A performance-based research funding system (PRFS) is a nationwide incentive scheme that promotes and rewards university research performance through competition for government funding. The UK's PRFS, currently the Research Excellence Framework (REF), is considered the oldest, largest and most developed payment-by-results system in academia worldwide. Surprisingly, and despite the strong criticisms, little has been done to quantitatively and casually evaluate the intended and unintended effects of the PRFSs. In this paper, we evaluate the incremental impact of the REF 2014 in the fields of Economics and Business. We use a synthetic control method to compare the performance of UK universities with their artificial counterfactual units constructed using data from US universities. Our analysis shows, on the whole, that the introduction of the REF had a significant and positive impact on the quantity and quality of the scientific research produced at UK universities. However, we do not find a significant effect on the per author measures, suggesting that the REF did not result in an increase in research productivity. We also show that the effects are more heterogeneous across universities than across academic disciplines. We do not find evidence of a shift of research focus from Economics to Business topics, as some feared. But our analysis indicates that the REF 2014 may have contributed to the concentration of research excellence in elite institutions.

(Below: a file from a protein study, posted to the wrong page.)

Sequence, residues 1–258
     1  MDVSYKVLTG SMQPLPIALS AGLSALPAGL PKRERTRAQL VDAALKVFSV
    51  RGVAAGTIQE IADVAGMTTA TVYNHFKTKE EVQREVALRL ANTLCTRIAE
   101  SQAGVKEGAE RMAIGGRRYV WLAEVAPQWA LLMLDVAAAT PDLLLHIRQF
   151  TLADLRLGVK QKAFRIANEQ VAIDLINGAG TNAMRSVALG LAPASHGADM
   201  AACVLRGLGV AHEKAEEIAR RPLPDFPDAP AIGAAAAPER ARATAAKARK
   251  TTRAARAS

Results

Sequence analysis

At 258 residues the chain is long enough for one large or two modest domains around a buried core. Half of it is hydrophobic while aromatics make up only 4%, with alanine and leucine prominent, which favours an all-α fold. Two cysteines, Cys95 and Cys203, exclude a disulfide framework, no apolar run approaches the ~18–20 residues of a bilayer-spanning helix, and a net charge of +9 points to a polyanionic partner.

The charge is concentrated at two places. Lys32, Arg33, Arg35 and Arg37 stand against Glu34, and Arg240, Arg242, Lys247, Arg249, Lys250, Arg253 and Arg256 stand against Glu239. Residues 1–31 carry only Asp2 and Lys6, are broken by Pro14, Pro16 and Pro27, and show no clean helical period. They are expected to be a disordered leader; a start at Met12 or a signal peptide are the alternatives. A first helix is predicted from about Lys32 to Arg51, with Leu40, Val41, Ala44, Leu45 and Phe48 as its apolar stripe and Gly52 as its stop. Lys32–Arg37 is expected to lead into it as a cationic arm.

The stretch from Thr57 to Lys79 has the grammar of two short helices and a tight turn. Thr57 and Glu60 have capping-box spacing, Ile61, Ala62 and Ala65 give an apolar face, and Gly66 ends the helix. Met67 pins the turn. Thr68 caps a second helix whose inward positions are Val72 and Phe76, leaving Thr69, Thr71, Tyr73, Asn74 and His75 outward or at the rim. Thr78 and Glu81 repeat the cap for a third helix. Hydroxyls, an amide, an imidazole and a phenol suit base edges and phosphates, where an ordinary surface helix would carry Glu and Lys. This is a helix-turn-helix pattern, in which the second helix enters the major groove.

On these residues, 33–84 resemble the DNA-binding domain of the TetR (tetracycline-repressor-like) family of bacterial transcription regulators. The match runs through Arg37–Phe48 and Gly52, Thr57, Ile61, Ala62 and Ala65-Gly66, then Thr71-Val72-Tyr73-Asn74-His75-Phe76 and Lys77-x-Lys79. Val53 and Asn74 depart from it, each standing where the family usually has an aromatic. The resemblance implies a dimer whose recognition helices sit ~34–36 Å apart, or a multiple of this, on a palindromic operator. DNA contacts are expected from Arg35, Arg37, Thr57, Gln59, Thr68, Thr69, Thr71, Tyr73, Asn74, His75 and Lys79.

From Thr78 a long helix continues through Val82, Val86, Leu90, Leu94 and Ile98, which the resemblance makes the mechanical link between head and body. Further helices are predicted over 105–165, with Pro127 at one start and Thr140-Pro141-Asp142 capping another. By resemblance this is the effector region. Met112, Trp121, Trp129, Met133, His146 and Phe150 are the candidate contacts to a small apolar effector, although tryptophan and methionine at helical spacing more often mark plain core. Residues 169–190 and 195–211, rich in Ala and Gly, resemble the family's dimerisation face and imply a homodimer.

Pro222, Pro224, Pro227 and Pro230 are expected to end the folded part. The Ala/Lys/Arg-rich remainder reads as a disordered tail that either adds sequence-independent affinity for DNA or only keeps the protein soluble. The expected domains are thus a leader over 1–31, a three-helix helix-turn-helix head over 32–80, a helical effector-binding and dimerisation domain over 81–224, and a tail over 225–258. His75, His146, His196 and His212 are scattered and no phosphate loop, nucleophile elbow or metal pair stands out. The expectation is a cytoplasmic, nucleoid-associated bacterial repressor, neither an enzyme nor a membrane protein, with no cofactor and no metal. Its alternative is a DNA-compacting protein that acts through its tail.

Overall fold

File in questo prodotto:
Non ci sono file associati a questo prodotto.